Trump's secretary of state pick: Fair to assume Putin was aware of efforts to interfere in US presidential polls

Trump's secretary of state pick: Fair to assume Putin was aware of efforts to interfere in US presidential polls

In photo: Former ExxonMobil executive Rex Tillerson testifies during his confirmation hearing on January 11, 2017. (AFP)

Washington, DC, United States | Jan 11, 2017, 10.56 PM (IST)

Rex Tillerson's confirmation hearing before the US Senate Foreign Relations Committee came in for a lot of questioning on Russia's involvement in the US presidential election and its role in Syria and Ukraine. 

During the hearing, the secretary of state nominee has said that it is fair to assume that the Russian President Vladimir Putin was aware of Russian efforts to interfere in US presidential election, Reuters reported.

"We must also be clear-eyed about our relationship with Russia. Russia today poses a danger, but it is not unpredictable in advancing its own interests," Tillerson said during his confirmation hearing before the senate committee, PTI reported.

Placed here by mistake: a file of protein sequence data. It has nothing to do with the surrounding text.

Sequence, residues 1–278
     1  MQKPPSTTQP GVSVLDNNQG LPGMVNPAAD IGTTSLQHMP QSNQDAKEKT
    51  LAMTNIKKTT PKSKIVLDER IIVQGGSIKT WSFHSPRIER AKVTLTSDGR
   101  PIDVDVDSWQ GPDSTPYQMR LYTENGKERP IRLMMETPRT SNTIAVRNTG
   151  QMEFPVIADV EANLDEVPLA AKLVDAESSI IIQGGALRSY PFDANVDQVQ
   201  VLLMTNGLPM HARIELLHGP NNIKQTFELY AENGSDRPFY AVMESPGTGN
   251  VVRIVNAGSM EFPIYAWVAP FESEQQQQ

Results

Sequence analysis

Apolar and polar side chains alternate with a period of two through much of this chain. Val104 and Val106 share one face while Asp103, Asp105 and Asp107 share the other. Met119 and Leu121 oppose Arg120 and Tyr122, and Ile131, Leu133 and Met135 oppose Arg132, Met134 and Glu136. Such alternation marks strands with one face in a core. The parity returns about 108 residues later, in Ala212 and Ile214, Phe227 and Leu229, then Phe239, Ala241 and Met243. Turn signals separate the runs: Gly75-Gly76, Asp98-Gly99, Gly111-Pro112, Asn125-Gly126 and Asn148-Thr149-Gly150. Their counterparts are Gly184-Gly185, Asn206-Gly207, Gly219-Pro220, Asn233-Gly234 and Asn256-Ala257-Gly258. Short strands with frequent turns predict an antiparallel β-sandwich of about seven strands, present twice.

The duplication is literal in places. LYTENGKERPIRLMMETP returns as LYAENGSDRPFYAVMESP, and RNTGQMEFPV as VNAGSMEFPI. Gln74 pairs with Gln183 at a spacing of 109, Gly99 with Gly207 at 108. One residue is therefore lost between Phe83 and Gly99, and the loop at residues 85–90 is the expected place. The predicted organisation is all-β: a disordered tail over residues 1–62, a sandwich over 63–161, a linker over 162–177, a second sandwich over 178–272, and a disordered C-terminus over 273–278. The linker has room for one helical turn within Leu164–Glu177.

The former head of US oil major Exxon Mobil said, in his opening remarks, that Moscow should be held responsible for its actions. 

"It has invaded Ukraine, including the taking of Crimea, and supported Syrian forces that brutally violate the laws of war. Our NATO allies are right to be alarmed at a resurgent Russia," he said adding a caveat, though, blaming the absence of US leadership because of which the door was left opened and unitended signals were left, according to a report in PTI.

The United States backtracked on commitments that it made to allies. 

"We sent weak or mixed signals with 'red lines' that turned into green lights. We did not recognize that Russia does not think like we do," Tillerson said.

Last week, Trump was briefed by heads of US intelligence agencies on the Russian hacking scandal.

According to media reports, he was told that Russia had compromising information about him.

Trump has denied those reports. 

(WION with inputs from agencies)

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